KudoZ home » French to English » Cooking / Culinary

snaké

English translation: lightly seared

Advertisement

Login or register (free and only takes a few minutes) to participate in this question.

You will also have access to many other tools and opportunities designed for those who have language-related jobs
(or are passionate about them). Participation is free and the site has a strict confidentiality policy.
GLOSSARY ENTRY (DERIVED FROM QUESTION BELOW)
French term or phrase:snacké
English translation:lightly seared
Entered by: Tony M
Options:
- Contribute to this entry
- Include in personal glossary

11:21 Feb 28, 2012
French to English translations [PRO]
Cooking / Culinary
French term or phrase: snaké
This term crops up in a menu from a Corsican restaurant (high-class). It is part of the following dish: "Thon rouge de méditerranée de pêche locale snaké et sa sauce vierge".

While I am aware that culinary terms are often left in French, I just wonder if leaving 'snaké' would be a wise decision. I have no idea what it means and so can't even supply a gloss. Has anyone got any idea of how to handle this term? It doesn't even look all that French to me, but if it's a borrowed word then it's a new one to me.

Any help greatly appreciated.
David Hayes
France
Local time: 18:33
lightly seared
Explanation:
It should really be spelt 'snacké', and of course it's derived (inaccurately!) from the EN word 'snack' — it is a professional culinary term, and just means very quickly seared, for example, on the hotplate, as one might do with thin slices of bacon, etc. Just to seal the surface, as would probably be the case with this tuna... dangerous not to heat it right through, but then it is also served in tartare!

--------------------------------------------------
Note added at 26 minutes (2012-02-28 11:48:26 GMT)
--------------------------------------------------

It has to be said that 'snacker' reflects probably the minimum amount of cooking ever used — a quick flip on the hotplate ;-)

--------------------------------------------------
Note added at 3 heures (2012-02-28 14:36:47 GMT)
--------------------------------------------------

Kashew's reference speaks of 'snacker' salmons steaks, and there the cooking is 3–4 mins per side, which stirkes me as rather longer than I am used to for the term 'snacker'; but I guess each chef has her/his own criteria...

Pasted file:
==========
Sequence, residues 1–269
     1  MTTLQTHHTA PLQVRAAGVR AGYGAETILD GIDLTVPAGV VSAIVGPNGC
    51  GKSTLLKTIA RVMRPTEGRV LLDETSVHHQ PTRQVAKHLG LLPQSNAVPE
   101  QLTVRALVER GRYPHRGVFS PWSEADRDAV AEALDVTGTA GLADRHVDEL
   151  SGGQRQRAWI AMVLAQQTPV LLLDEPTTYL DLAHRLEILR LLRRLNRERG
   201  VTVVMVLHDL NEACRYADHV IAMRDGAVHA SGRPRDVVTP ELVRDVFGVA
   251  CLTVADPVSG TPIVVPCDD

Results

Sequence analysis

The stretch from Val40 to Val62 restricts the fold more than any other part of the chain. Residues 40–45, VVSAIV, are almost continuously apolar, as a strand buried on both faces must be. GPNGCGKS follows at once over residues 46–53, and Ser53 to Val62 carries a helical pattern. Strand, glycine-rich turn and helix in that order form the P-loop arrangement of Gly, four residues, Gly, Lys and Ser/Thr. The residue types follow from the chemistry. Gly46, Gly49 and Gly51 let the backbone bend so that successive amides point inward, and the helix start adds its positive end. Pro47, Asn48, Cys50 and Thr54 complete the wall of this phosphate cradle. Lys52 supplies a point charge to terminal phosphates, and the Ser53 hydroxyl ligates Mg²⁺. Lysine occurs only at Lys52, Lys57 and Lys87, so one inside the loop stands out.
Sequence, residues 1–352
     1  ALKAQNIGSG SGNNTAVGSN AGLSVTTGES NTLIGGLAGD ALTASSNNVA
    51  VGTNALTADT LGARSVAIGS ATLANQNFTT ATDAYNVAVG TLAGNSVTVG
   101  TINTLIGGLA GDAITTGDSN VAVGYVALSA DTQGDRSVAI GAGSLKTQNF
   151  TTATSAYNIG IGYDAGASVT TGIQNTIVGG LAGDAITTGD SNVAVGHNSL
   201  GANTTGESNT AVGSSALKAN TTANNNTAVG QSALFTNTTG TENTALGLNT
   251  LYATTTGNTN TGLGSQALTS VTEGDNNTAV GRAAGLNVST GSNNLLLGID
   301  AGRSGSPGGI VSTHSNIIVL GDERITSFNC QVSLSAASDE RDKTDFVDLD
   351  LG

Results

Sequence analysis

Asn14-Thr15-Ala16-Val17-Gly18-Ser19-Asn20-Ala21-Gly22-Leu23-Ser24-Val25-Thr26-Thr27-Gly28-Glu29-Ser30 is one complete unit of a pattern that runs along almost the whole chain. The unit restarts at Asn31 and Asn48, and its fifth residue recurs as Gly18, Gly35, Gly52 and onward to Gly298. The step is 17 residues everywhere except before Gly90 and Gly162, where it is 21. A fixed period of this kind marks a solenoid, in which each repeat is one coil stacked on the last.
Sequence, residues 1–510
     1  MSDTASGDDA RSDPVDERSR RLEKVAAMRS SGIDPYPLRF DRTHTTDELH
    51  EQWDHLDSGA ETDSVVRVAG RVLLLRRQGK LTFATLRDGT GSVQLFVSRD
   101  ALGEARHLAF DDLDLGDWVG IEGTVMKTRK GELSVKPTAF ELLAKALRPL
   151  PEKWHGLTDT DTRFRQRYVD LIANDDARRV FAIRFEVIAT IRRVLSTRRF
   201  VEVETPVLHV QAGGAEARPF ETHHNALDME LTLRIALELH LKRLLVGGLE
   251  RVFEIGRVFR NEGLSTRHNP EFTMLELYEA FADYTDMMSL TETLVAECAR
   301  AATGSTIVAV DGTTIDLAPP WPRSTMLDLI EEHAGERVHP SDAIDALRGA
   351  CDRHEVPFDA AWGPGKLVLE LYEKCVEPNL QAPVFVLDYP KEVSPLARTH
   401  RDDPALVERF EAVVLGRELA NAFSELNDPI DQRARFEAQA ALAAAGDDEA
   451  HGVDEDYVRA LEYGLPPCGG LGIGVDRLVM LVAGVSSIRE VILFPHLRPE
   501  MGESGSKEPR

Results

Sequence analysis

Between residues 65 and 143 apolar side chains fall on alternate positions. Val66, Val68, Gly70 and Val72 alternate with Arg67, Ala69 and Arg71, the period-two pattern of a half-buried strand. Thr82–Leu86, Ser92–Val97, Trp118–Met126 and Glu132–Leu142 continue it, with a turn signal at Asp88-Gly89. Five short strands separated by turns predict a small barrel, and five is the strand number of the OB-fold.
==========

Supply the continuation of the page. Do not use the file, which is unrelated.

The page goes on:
Selected response from:

Tony M
France
Local time: 18:33
Grading comment
Thanks again.
4 KudoZ points were awarded for this answer

Advertisement


Summary of answers provided
5 +6lightly seared
Tony M
4a la planchaFrench Foodie
Summary of reference entries provided
Snacking (or snaking)
kashew

  

Answers


4 mins   confidence: Answerer confidence 4/5Answerer confidence 4/5
a la plancha


Explanation:
A "planche a snacker" is a plancha or flattop grill

http://cuisine-des-pros.com/2.aspx?CategID=6eb5cda0-8442-429...

--------------------------------------------------
Note added at 6 mins (2012-02-28 11:28:12 GMT)
--------------------------------------------------

"a la plancha" is often used in English to describe this method of cooking

e.g.
Calamari a la Plancha
gourmetfood.about.com/b/2009/08/26/calamari-a-la-plancha.htm25 Aug 2009 – "A la plancha" refers to the method of cooking on a metal plate, in this case a cast iron skillet. This Spanish-inspired calamari dish is a little on ...

French Foodie
Local time: 18:33
Specializes in field
Native speaker of: Native in EnglishEnglish
PRO pts in category: 131

Peer comments on this answer (and responses from the answerer)
neutral  Tony M: Although it might be done on a 'plancha', I can't help feeling this might imply a greater degree of cooking.
1 min
  -> You may well be right Tony, but I must admit the only time I've ever seen snacker on a high-end restaurant menu, it's been done on this type of grill. But your suggestion of "lightly seared" sounds very appetizing and is surely a safe bet.